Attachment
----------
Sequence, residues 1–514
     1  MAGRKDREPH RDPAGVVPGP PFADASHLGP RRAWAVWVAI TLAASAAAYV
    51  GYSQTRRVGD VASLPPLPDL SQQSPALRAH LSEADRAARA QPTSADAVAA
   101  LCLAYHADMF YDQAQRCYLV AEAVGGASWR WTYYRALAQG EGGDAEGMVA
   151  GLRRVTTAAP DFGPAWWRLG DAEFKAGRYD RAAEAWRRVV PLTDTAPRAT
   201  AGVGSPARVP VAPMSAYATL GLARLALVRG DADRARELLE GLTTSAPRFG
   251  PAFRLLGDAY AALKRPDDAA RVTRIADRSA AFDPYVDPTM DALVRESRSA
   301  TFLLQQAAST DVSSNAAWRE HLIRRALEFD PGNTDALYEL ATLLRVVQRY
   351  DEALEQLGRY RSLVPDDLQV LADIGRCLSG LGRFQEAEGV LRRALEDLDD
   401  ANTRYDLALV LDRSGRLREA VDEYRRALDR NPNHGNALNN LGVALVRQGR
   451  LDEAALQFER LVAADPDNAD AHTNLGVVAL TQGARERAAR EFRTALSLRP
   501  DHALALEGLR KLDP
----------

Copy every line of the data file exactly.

Sequence, residues 1–514
     1  MAGRKDREPH RDPAGVVPGP PFADASHLGP RRAWAVWVAI TLAASAAAYV
    51  GYSQTRRVGD VASLPPLPDL SQQSPALRAH LSEADRAARA QPTSADAVAA
   101  LCLAYHADMF YDQAQRCYLV AEAVGGASWR WTYYRALAQG EGGDAEGMVA
   151  GLRRVTTAAP DFGPAWWRLG DAEFKAGRYD RAAEAWRRVV PLTDTAPRAT
   201  AGVGSPARVP VAPMSAYATL GLARLALVRG DADRARELLE GLTTSAPRFG
   251  PAFRLLGDAY AALKRPDDAA RVTRIADRSA AFDPYVDPTM DALVRESRSA
   301  TFLLQQAAST DVSSNAAWRE HLIRRALEFD PGNTDALYEL ATLLRVVQRY
   351  DEALEQLGRY RSLVPDDLQV LADIGRCLSG LGRFQEAEGV LRRALEDLDD
   401  ANTRYDLALV LDRSGRLREA VDEYRRALDR NPNHGNALNN LGVALVRQGR
   451  LDEAALQFER LVAADPDNAD AHTNLGVVAL TQGARERAAR EFRTALSLRP
   501  DHALALEGLR KLDP